22. The Levels of Mahamudra
|Chapter 22. The Levels of Mahamudra
Once, in my meditation, I went on a pilgrimage to Mount Wutai. Mount Wutai is located in the north east of Wutai County in Shanxi Province. It is also known as Qing Liang Shan, the Cool and Pleasant Mountain. It is one of the four famous mountains in China, which are the Mount Wutai (which is considered the Pureland of Manjusri Bodhisattva), Mount Emei (which is considered the Pureland of Samantabhadra Bodhisattva), Mount Jiuhua (which is considered the Pureland of Ksitigarbha Bodhisattva), and Mount Putuo (which is considered the Pureland of Avalokitesvara Bodhisattva). In an earlier chapter, I mentioned my trip to Mount Putuo during a deep meditation where I met the Immortal Varsi.
At Mount Wutai, I saw the cluster of five majestic peaks protruding through the clouds. It is a place where snow covers the land throughout the year. There are no trees or grass on the mountain peaks, except for the formation of five rock platforms. I believe this is how Mount Wutai (which means the five terraces) obtains its name. I saw the Mingyue Pond and Kuanhai Temple, and paid homage at the Longquan Temple.
At the South Platform, I paid homage at the Pishan Temple and Guangji Temple. I found that the land formation of Mount Wutai was simply fantastic, as the East Platform, West Platform, South Platform and North Platform are towering, while the Central Platform is much lower by comparison. The North Platform is especially high. The whole formation of Mount Wutai looks exactly like a natural lotus blossom. This mountain is associated with many legends and strange occurrences, such as the appearance of fragrant clouds, shadows of light, aureolas, manifestations of arhats, lotus flowers and so forth. These are religious legends that have moved people.
Although Mount Wutai is the sacred ground for Chan or Zen Buddhism, many lamas from Mongolia and Tibet were once based there. However, all these are things of the past.
To make a pilgrimage to Mount Wutai in a deep meditation was itself a mark of rare affinity. When I was standing before the Longquan Temple, I was astonished to see the souls of eight youths (kumaras) at play. Naturally, these eight youths are beyond human vision. I was rather surprised at this sighting, and noted that each youth had three hair knots tied on his head, wore celestial garments; and held different implements in his hands. They stood on lotus flowers and were chasing each other.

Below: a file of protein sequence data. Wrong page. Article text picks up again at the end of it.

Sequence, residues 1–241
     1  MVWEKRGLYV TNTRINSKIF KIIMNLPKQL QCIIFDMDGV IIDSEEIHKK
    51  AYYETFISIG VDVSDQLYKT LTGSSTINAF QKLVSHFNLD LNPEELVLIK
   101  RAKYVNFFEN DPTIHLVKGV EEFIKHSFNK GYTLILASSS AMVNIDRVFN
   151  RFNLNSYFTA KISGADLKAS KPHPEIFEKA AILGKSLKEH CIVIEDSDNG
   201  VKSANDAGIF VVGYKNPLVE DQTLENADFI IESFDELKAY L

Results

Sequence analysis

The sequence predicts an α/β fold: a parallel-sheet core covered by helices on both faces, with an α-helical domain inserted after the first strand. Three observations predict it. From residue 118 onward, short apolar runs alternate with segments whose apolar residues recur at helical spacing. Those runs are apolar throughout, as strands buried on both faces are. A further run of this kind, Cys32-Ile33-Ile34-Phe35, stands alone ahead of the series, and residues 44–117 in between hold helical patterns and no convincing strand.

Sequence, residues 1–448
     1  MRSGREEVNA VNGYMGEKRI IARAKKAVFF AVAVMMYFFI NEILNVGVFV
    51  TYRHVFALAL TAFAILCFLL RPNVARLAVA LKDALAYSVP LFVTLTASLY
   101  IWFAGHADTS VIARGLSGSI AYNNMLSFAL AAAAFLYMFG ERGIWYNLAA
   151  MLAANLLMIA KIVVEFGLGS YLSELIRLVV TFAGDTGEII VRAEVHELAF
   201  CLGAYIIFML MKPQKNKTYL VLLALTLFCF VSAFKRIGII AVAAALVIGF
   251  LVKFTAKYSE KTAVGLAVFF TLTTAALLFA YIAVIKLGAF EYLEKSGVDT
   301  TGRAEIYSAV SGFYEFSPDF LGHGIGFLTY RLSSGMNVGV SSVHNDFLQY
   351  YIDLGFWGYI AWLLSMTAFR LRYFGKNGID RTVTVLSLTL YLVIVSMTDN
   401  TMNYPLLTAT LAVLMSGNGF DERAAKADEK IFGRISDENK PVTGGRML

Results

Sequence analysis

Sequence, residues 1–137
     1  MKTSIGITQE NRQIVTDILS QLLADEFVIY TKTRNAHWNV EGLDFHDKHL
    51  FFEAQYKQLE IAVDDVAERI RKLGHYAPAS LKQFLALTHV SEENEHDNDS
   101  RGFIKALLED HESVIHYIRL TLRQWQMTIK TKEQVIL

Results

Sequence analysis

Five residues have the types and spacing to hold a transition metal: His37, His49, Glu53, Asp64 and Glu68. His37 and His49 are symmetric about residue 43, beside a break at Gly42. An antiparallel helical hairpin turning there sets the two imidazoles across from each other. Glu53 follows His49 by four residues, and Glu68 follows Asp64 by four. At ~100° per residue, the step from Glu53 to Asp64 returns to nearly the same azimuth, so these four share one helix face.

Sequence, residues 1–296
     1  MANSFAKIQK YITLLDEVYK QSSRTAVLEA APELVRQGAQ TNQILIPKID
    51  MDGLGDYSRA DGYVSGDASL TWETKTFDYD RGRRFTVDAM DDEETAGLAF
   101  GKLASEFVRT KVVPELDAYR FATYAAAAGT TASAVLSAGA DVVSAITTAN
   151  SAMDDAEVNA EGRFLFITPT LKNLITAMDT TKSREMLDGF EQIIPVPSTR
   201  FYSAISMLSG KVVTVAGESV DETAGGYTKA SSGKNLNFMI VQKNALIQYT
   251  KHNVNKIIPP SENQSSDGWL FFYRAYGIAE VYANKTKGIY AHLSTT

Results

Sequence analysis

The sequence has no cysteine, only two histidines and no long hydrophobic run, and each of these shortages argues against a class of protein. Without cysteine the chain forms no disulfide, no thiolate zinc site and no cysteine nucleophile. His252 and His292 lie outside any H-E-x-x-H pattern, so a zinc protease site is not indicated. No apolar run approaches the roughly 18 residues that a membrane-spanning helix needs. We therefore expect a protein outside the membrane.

For a while I was wondering who these eight youths were, and how they were related to Manjusri. Then the answer struck me and I shouted, ` They are the Eight Youths of Manjusri!`
Among the retinues of Manjusri are these eight youths who represent the eight wisdoms of Manjusri. They are stationed around the Astadala (8 Petal) Court of the Womb Mandala. These eight youths surround Manjusri. In the northeast is Kesini; in the southeast is Upakesini; in the east is Citrah; in the southwest is Vasumati; in the north is Akarsani; in the south is Jaliniprabha; in the west is Vimalaprabha, and in the northwest is Acintyamati. Once I shouted loudly, the eight youths noticed my presence.
They flew towards me, and Acintyamati, his hands holding a precious stick, bowed towards me and said, `So it is you, White Padmakumara from the Maha Twin Lotus Ponds in Sukhavati.` The rest of the seven youths were just as surprised and shouted, ` It`s White Padmakumara! It`s White Padmakumara!?
These eight youths together with myself added up to nine kumaras or youths. Our meeting was indeed a special and rare occasion. I enquired about their merits of cultivation and these were told to me:
Kesini - Accomplished through no thought.
Upakesini - Accomplished through the merits of generosity.
Citrah - Accomplished through constant stability of the body of form.
Vasumati - Accomplished through the giving of wealth to aid the poor.
Akarsani - Accomplished through vows of delivering sentient beings.
Jaliniprabha - Accomplished through the absorption of light through his great compassion.
Vimalaprabha - Accomplished through the pure light of great wisdom.
Acintyamati - Accomplished through the purest, most supreme and all-pervading wisdom.
They asked me, ` What brought you here, Padmakumara?`
`As I entered into meditation, I travelled throughout celestial realms and places. As I am now writing the book Highest Yoga Tantra and Mahamudra for the world, I am here to build a bridge of good affinity between heaven and earth`, I said.
Then the eight youths revealed to me the four levels of Mahamudra:
The first level is `warmth`. When one ignites the fire within the body, this is `ignition`. This spot of fire is seated right at the base of the central channel. Once this fire is ignited, it rises along the central channel and burns through every channel knot. When this fire burns the channel knots in our bodies, it is as good as burning away our karma. The fire burns away the heart of lust, discursive thoughts, and all attachments. As each channel knot burns away, our cultivation power increases proportionately.